arr = np.arange(10,100)

# If you want 100 steps from 0 to 1...

arr = np.linspace(0, 1, 100)

# Or if you want to generate an array from 1 to 10

# in log10 space in 100 steps...

arr = np.logspace(0, 1, 100, base=10.0)

# Creating a 5x5 array of zeros (an image)

image = np.zeros((5,5))

# Creating a 5x5x5 cube of 1's

# The astype() method sets the array with integer elements.

cube = np.zeros((5,5,5)).astype(int) + 1

# Or even simpler with 16-bit floating-point precision...

cube = np.ones((5, 5, 5)).astype(np.float16)

When generating arrays, NumPy will default to the bit depth of the Python environment. If you are working with 64-bit Python, then your elements in the arrays will

default to 64-bit precision. This precision takes a fair chunk memory and is not always necessary. You can specify the bit depth when creating arrays by setting the data

type parameter (dtype) to int, numpy.float16, numpy.float32, or numpy.float64. Heres

an example how to do it.

# Array of zero integers

arr = np.zeros(2, dtype=int)

# Array of zero floats

arr = np.zeros(2, dtype=np.float32)

Now that we have created arrays, we can reshape them in many other ways. If we have

a 25-element array, we can make it a 5 5 array, or we could make a 3-dimensional

array from a at array.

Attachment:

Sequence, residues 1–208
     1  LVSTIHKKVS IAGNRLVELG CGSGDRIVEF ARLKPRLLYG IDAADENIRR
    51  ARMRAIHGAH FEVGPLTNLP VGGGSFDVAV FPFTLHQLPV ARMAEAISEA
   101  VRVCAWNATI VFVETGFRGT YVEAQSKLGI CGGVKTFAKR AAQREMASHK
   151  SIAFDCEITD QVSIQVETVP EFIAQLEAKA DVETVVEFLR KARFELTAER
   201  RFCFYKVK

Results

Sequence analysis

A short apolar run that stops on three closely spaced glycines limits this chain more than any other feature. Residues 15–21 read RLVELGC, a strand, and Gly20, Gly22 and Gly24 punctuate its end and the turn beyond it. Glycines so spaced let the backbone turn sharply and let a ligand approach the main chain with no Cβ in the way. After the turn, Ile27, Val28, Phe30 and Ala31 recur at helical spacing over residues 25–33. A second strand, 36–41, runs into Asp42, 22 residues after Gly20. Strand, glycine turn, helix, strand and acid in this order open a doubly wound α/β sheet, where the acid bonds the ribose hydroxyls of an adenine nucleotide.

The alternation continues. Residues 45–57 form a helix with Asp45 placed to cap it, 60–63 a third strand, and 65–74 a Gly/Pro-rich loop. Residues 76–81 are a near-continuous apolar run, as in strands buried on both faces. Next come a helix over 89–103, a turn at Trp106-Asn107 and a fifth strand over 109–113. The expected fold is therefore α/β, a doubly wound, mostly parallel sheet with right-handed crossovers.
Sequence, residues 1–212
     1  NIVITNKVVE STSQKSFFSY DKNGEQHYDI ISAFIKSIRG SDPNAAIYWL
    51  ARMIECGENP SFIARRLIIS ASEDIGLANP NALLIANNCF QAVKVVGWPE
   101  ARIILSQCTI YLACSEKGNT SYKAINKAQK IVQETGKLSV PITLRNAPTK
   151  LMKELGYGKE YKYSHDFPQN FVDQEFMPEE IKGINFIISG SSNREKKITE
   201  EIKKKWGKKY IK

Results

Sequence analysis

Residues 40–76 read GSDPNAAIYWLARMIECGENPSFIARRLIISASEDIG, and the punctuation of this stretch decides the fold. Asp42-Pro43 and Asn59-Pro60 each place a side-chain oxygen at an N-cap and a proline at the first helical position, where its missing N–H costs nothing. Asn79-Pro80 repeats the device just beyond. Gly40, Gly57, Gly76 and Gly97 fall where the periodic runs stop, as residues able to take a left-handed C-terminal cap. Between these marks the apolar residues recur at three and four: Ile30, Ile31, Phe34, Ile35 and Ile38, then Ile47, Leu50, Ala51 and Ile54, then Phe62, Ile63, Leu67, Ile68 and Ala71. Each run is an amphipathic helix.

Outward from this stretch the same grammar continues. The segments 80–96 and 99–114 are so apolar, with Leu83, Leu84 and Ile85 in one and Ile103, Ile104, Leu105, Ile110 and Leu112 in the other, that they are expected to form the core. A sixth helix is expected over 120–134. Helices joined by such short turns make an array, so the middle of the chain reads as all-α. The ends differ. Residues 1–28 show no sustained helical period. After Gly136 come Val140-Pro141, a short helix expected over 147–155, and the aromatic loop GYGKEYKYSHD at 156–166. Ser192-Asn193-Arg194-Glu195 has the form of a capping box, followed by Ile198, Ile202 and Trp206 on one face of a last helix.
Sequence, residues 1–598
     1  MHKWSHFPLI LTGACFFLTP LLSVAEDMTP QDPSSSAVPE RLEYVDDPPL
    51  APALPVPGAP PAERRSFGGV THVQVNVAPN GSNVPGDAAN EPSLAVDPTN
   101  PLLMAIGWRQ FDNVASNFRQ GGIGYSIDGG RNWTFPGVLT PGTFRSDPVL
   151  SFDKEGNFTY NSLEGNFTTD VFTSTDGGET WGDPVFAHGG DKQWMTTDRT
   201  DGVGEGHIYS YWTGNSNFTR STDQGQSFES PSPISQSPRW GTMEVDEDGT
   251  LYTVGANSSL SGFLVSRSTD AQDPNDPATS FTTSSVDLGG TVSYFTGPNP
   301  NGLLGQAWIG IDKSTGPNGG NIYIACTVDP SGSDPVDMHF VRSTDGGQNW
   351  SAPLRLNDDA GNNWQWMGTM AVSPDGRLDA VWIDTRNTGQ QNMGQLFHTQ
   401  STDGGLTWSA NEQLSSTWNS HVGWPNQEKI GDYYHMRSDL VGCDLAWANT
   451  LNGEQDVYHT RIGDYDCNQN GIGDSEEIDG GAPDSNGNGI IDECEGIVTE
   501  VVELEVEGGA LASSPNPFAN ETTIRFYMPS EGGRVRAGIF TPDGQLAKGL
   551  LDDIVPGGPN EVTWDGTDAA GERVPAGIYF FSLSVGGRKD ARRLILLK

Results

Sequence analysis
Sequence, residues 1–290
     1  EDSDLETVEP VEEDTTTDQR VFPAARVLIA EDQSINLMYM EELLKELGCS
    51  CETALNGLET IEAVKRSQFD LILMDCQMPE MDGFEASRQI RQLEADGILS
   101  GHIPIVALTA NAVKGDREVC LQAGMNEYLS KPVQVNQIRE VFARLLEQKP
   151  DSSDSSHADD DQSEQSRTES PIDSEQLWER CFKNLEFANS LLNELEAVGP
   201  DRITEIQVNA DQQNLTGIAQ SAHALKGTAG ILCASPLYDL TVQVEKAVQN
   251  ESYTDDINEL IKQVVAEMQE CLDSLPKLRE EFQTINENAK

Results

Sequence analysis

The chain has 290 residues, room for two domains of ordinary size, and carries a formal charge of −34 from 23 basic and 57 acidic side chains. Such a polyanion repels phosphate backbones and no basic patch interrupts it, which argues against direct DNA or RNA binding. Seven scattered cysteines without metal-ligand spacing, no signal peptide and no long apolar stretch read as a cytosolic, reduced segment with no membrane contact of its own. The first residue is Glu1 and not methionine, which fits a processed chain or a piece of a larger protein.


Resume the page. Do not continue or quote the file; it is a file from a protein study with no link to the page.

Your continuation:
# Creating an array with elements from 0 to 999

arr1d = np.arange(1000)

# Now reshaping the array to a 10x10x10 3D array

arr3d = arr1d.reshape((10,10,10))

# The reshape command can alternatively be called this way

arr3d = np.reshape(arr1s, (10, 10, 10))

# Inversely, we can flatten arrays

arr4d = np.zeros((10, 10, 10, 10))

arr1d = arr4d.ravel()

print arr1d.shape

(1000,)

The possibilities for restructuring the arrays are large and, most importantly, easy.

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Keep in mind that the restructured arrays above are just different views

of the same data in memory. This means that if you modify one of the

arrays, it will modify the others. For example, if you set the rst element

of arr1d from the example above to 1, then the rst element of arr3d will

also become 1. If you dont want this to happen, then use the numpy.copy

function to separate the arrays memory-wise.

Arrays are generally collections of integers or oats, but sometimes it is useful to store

more complex data structures where columns are composed of different data types.

In research journal publications, tables are commonly structured so that some columns may have string characters for identication and oats for numerical quantities.

Being able to store this type of information is very benecial. In NumPy there is the

numpy.recarray. Constructing a recarray for the rst time can be a bit confusing, so we

will go over the basics below. The rst example comes from the NumPy documentation

on record arrays.

# Creating an array of zeros and defining column types

recarr = np.zeros((2,), dtype=('i4,f4,a10'))

toadd = [(1,2.,'Hello'),(2,3.,"World")]

recarr[:] = toadd

The dtype optional argument is dening the types designated for the rst to third

columns, where i4 corresponds to a 32-bit integer, f4 corresponds to a 32-bit oat,

and a10 corresponds to a string 10 characters long. Details on how to dene more

types can be found in the NumPy documentation.1 This example illustrates what the

recarray looks like, but it is hard to see how we could populate such an array easily.

Thankfully, in Python there is a global function called zip that will create a list of tuples